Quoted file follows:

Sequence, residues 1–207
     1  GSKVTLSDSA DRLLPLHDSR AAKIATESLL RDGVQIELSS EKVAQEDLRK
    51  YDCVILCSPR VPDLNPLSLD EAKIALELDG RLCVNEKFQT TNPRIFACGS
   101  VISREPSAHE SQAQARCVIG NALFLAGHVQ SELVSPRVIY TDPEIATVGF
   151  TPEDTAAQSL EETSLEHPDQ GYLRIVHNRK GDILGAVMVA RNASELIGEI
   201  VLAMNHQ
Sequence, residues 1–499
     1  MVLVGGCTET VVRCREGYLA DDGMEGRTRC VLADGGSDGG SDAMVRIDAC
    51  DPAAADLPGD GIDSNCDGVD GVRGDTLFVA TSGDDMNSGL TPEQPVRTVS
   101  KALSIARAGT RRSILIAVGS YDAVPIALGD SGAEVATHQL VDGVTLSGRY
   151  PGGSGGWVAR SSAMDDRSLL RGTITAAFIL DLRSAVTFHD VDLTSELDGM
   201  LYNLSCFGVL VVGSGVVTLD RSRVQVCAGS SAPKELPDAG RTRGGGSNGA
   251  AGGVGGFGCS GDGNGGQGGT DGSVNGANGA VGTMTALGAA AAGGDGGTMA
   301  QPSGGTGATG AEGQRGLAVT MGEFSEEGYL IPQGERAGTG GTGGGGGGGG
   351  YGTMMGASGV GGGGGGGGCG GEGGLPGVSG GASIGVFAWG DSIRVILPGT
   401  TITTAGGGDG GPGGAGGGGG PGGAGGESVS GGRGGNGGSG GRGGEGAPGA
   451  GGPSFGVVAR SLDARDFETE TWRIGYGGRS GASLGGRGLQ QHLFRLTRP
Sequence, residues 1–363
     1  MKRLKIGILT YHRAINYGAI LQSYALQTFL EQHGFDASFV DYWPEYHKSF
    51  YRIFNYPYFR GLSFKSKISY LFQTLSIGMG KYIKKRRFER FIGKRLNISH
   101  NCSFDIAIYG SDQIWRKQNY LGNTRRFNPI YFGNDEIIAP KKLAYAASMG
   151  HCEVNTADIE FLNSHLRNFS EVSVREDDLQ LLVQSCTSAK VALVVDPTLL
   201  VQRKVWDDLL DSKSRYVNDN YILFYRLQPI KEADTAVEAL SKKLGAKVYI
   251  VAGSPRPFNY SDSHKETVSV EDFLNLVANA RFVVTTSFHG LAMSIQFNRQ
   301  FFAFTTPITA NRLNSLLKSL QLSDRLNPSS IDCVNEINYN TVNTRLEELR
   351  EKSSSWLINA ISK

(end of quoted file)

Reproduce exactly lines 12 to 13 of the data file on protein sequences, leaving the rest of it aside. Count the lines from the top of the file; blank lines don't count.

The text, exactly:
   201  LYNLSCFGVL VVGSGVVTLD RSRVQVCAGS SAPKELPDAG RTRGGGSNGA
   251  AGGVGGFGCS GDGNGGQGGT DGSVNGANGA VGTMTALGAA AAGGDGGTMA